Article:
Mark now adds another act of Christ which emphasizes this thought. He tells of Christ entering a synagogue and in the group of worshipers was a man with a withered hand. Jesus saw an opportunity to teach about Sabbath observance, as well as another opportunity to defy the legalistic Pharisees. So he called the man forward. He asked the man to stretch forth his withered hand, and when the man did so the hand was healed. The amazing thing about this miracle, which distinguishes it from other miracles, was that no request for healing had been made. The man did not approach Jesus with a request for healing. But Christ saw him among the worshipers and recognized his infirmity, a useless hand. It is comforting to realize that Jesus notices things. He is aware of what is going on everywhere, including our daily life.

We are told that this man was a stonemason, a work that required the use of both of his hands. Therefore, the fact that something caused his hand to wither, or shrink, meant he had lost the ability to work at his profession or at most other jobs, for that matter. So Jesus called him forward. Then Christ addressed those who were present, asking them a question. "Is it lawful to do good on the Sabbath day, or to do evil? To save a life or to kill it?" Then Christ asked the man to stretch out his hand, and as he did so it was healed. The man obeyed Christ's command. As a result, the miracle took place.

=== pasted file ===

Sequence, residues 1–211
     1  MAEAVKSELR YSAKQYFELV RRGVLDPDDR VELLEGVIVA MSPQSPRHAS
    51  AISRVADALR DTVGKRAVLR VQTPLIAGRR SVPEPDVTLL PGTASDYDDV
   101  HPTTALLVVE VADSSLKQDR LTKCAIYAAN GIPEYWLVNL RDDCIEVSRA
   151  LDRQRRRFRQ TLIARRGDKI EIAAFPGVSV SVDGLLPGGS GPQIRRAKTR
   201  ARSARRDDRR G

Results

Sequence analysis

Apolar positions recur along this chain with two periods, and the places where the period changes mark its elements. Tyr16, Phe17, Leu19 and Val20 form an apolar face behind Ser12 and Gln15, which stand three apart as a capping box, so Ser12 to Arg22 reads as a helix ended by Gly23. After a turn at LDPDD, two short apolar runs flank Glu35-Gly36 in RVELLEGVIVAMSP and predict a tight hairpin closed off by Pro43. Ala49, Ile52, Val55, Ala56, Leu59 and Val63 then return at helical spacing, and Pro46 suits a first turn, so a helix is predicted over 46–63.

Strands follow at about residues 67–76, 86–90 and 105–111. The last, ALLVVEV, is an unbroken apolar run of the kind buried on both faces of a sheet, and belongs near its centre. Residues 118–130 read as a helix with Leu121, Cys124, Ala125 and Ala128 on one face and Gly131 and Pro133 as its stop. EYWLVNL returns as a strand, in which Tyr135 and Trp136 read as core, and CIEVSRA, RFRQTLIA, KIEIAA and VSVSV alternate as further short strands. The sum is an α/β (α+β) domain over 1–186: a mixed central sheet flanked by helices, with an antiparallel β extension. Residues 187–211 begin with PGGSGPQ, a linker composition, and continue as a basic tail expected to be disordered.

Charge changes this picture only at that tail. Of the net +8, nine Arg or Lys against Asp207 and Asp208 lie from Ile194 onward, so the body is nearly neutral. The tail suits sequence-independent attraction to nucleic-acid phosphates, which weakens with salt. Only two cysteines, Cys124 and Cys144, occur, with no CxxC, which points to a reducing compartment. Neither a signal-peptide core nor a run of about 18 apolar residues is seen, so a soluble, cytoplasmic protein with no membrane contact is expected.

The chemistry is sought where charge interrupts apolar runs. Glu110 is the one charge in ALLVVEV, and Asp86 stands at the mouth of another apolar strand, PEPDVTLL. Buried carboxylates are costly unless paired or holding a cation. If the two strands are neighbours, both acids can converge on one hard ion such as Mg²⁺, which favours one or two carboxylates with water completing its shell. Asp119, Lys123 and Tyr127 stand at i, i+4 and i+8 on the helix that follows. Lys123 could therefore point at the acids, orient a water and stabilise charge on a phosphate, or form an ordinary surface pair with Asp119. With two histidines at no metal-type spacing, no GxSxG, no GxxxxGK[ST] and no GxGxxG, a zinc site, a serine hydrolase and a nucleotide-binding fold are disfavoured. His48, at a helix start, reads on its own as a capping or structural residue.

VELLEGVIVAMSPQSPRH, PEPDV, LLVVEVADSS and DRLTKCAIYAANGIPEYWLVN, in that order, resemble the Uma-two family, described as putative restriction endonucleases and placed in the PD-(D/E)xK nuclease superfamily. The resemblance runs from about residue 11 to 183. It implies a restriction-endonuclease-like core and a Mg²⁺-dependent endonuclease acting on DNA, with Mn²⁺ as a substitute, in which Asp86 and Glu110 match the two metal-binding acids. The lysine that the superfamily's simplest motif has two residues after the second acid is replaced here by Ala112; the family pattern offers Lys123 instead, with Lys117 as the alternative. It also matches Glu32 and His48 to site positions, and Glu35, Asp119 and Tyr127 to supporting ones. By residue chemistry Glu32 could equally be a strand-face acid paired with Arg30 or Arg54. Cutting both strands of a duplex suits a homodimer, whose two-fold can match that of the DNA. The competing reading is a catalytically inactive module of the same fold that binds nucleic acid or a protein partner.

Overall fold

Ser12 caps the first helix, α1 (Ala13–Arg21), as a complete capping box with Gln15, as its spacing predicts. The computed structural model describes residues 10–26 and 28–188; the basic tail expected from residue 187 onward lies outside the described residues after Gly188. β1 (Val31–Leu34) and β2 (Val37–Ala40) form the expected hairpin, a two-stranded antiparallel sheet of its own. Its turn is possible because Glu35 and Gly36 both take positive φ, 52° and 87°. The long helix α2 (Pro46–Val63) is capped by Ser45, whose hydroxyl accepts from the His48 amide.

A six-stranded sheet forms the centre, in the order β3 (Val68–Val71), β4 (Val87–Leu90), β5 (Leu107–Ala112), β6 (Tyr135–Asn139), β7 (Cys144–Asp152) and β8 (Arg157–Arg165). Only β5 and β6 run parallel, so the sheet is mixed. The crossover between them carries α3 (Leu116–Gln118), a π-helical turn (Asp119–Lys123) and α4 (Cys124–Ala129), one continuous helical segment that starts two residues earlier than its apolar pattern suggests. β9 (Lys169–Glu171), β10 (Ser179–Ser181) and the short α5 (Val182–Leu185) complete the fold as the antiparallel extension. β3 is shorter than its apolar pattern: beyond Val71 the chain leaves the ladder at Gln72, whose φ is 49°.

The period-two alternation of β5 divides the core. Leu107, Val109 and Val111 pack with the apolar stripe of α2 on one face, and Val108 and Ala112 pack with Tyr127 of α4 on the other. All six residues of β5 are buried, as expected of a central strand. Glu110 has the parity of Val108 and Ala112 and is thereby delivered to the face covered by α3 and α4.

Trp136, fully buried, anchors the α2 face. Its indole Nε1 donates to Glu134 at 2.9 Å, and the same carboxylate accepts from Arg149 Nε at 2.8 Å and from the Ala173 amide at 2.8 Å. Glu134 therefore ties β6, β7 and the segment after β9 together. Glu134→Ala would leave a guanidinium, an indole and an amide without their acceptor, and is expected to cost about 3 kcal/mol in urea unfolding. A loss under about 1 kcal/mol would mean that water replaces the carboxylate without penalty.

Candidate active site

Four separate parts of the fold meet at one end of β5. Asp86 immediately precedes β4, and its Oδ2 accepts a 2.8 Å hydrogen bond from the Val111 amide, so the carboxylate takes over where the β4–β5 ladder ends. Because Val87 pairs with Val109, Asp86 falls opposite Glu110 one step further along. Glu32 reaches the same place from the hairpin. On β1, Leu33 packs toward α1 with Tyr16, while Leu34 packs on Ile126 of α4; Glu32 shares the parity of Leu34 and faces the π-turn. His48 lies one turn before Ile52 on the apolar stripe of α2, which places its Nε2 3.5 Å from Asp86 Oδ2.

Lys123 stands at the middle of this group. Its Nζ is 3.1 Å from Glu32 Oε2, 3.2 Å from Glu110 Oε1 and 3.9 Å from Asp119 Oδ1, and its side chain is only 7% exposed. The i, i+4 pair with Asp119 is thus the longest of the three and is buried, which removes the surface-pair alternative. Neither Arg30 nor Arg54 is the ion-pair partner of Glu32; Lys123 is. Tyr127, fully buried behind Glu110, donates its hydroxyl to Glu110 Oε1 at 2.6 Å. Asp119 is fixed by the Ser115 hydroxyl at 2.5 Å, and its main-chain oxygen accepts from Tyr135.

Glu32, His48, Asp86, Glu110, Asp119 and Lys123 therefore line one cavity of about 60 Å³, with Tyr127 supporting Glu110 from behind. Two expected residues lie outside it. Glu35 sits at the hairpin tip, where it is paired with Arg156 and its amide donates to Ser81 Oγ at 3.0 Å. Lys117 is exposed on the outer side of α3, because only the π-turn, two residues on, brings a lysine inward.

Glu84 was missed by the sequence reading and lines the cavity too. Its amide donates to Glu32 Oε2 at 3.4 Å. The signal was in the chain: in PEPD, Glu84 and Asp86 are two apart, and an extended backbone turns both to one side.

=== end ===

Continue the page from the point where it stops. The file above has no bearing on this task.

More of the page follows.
Jesus excused his Sabbath activity by pointing out how practical his hearers were in meeting the requirements of Sabbath observance. They would make an exception, for instance, if one of their cows fell into a pit on the Sabbath; they would rescue the unfortunate animal. So, to do a kind act of any sort on the Sabbath was not to be condemned. The intent of the day was to bless humankind. It was to serve to bring one closer to God as a day of worship, and help one by observing a day of rest. To legalize about it to the point of the Sabbath's becoming a thing of torture instead of peace and joy was wrong. Legalism is wrong because it considers the act to be above the development of the person, above the consideration of the individual.